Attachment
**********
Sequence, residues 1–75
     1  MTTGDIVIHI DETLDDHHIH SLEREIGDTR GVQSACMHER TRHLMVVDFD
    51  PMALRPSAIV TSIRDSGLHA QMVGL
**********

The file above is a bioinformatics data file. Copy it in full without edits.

Sequence, residues 1–75
     1  MTTGDIVIHI DETLDDHHIH SLEREIGDTR GVQSACMHER TRHLMVVDFD
    51  PMALRPSAIV TSIRDSGLHA QMVGL